Tracklist Hide Credits
Producers has been stated in the booklet: Kaoru Sato and respective Artists.
Tracks 1-07, 2-03, 2-11, 2-14, 3-07, 3-13 were previously unreleased.
From Liner Notes:
Kaoru Sato is a revolutionary Japanese musician who ushered in a new era of music. He was, from a young age, an avid listener of music from all over the world, and his extensive and diverse music career features stints as a club DJ, music writer, disco designer and producer. In 1980 he established Modern - Japan’s first alternative music club - in downtown Kyoto, going on to form a band, the now legendary EP-4, together with friends and acquaintances who frequented the club.
EP-4, which performed electronic funk dance music, was outstandingly creative in its approach to delivering its music. In 1983 the band secretly planned, and succeeded in realizing, the unprecedented initiative of simultaneously releasing two albums - one from a major label and the other from an independent label (although the sale of the album released under the major label was postponed due to concerns about its title, Showa Hogyo (Death of the Showa Emperor). The conceptual art-like guerrilla marketing campaign, in which stickers only displaying the letters “EP-4 5･21” began to appear on the streets of Japan’s major cities, also attracted massive attention.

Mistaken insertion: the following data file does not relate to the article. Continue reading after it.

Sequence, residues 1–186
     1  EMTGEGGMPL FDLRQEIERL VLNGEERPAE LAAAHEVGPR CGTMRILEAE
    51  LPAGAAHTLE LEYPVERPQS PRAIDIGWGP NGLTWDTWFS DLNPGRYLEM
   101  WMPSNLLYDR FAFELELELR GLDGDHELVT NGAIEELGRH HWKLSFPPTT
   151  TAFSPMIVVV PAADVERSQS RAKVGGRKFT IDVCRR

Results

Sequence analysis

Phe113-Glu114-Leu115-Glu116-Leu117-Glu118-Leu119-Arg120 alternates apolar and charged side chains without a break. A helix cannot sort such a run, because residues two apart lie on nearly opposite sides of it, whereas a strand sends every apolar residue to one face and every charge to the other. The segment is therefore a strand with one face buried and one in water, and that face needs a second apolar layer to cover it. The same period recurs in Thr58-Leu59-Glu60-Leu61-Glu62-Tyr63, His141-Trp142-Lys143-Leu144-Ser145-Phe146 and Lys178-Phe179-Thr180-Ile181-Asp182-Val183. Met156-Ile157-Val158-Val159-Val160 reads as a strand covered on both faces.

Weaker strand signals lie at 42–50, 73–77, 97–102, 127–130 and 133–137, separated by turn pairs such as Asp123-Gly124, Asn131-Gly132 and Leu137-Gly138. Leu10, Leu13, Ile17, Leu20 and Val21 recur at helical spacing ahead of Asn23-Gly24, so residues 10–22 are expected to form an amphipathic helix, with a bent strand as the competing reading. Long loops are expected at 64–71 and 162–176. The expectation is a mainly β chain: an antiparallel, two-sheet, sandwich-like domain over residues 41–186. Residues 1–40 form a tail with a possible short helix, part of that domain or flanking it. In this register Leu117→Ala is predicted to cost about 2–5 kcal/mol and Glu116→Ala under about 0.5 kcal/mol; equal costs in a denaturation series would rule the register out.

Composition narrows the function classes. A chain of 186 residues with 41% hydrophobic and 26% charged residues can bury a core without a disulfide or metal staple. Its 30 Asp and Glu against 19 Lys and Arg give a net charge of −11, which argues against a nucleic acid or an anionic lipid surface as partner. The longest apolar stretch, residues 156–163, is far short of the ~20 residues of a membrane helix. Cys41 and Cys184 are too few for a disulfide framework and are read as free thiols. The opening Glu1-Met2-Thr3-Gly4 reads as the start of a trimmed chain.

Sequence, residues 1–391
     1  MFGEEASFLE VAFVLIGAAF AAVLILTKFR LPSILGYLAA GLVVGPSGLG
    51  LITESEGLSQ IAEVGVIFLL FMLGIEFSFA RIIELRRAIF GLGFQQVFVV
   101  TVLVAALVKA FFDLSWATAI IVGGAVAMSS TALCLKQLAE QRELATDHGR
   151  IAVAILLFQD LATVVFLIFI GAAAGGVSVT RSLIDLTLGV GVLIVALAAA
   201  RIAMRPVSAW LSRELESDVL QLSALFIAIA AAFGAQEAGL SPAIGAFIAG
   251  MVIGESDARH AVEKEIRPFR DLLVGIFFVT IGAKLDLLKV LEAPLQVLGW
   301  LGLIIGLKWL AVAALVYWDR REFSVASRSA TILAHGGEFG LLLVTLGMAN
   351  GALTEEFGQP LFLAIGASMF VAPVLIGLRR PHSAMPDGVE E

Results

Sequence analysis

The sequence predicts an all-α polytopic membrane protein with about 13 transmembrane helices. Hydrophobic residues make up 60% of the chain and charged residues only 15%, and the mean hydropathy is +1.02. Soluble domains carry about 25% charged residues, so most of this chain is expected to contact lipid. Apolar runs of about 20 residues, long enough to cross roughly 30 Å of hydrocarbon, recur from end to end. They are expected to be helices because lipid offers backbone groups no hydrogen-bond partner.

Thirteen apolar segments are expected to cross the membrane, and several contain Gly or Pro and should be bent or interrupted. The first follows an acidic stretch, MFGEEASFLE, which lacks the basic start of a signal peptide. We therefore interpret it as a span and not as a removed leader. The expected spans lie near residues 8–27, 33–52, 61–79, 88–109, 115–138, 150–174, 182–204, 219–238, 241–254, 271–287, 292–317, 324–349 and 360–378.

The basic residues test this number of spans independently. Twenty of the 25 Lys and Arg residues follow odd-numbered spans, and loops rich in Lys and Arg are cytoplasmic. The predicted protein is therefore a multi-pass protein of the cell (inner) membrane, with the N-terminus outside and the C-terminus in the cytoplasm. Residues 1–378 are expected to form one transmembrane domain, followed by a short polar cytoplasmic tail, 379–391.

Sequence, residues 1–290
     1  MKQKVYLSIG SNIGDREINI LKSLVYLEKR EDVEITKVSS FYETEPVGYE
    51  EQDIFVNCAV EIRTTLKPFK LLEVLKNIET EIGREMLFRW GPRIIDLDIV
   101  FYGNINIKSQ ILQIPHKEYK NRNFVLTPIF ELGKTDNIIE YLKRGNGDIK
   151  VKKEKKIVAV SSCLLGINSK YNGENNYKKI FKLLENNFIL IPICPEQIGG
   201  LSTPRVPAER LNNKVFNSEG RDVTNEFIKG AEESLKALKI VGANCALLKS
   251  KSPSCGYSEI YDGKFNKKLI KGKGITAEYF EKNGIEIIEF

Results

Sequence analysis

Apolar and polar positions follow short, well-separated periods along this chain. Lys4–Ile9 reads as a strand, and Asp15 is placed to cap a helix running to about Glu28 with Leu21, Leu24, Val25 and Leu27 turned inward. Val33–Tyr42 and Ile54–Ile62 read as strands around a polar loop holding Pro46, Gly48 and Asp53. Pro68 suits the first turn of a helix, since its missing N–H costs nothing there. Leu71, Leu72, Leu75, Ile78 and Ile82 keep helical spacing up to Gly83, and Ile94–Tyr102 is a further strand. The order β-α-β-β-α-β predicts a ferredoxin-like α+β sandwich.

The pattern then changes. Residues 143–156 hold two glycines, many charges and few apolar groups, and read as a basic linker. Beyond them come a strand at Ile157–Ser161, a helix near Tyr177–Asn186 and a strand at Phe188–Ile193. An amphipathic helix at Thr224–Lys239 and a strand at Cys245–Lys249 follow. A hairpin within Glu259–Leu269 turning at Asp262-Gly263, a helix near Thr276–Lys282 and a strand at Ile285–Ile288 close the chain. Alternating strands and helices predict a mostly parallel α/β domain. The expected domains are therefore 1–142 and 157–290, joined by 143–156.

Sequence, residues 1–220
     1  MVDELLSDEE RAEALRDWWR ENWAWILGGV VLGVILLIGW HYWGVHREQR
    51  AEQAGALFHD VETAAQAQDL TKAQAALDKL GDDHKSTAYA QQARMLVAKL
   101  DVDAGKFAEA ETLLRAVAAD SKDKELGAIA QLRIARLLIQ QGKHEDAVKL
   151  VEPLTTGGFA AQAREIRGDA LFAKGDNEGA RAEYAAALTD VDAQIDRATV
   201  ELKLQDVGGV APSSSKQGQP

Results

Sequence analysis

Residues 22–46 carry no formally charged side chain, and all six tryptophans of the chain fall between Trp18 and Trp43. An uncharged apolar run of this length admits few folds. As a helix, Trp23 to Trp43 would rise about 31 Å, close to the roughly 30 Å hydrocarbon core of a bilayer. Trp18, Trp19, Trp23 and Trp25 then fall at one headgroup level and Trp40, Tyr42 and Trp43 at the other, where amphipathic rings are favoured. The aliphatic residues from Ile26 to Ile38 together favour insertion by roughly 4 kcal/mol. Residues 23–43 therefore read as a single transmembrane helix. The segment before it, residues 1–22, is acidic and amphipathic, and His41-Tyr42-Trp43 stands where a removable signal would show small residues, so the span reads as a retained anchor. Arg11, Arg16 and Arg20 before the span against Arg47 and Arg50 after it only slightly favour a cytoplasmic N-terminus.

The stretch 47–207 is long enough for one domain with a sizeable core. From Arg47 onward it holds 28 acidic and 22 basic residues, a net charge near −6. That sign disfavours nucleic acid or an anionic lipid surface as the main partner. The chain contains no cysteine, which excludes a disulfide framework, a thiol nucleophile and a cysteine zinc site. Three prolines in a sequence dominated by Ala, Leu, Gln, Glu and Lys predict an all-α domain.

Sato also established an independent label Skating Pears and a music promotion company Stack Orientation that had the effect of stimulating the Kansai (West Japan) music scene with a focus on the city of Kyoto. This new album MOODOOISM is a 3 CD set featuring tracks selected by Sato and which he has been directly involved in, either as performer or producer. While performing with EP-4, Sato was continuously unearthing unknown artists, acting as the producer behind bands performing widely diverse music including new wave, techno pop and noise. Much of this activity was based in the Kansai area but later expanded to include Tokyo and the Kyushu area. It is also worth noting that much of this activity which even included collaborations with butoh dancers was done on a voluntary basis.
Sato ushered in a new era in music with an array of bold concepts and methods that were unimaginable in the Japanese music scene at the time. None of this, however, should be seen as the actions of a political or moral criminal, but is simply the result of Sato’s desire and endeavors to ensure that the right sound was heard in the right place at the right time. It is this ground-breaking attitude which has left indelible claw marks on contemporary Japanese music. Kaoru Sato has selected and supervised the production of the tracks in this compilation, and although many of the artists in this recording are no longer active in the music scene, listeners will be able to experience Sato’s militancy and be astonished at the fact that these sounds were produced almost 30 years ago.
By Rashino Occum
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